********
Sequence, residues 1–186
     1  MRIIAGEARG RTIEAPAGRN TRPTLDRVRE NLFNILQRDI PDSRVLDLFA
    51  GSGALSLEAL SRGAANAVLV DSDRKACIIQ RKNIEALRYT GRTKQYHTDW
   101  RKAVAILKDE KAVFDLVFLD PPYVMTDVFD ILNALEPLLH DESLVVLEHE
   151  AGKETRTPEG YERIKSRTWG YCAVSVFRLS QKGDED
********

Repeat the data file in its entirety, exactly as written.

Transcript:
Sequence, residues 1–186
     1  MRIIAGEARG RTIEAPAGRN TRPTLDRVRE NLFNILQRDI PDSRVLDLFA
    51  GSGALSLEAL SRGAANAVLV DSDRKACIIQ RKNIEALRYT GRTKQYHTDW
   101  RKAVAILKDE KAVFDLVFLD PPYVMTDVFD ILNALEPLLH DESLVVLEHE
   151  AGKETRTPEG YERIKSRTWG YCAVSVFRLS QKGDED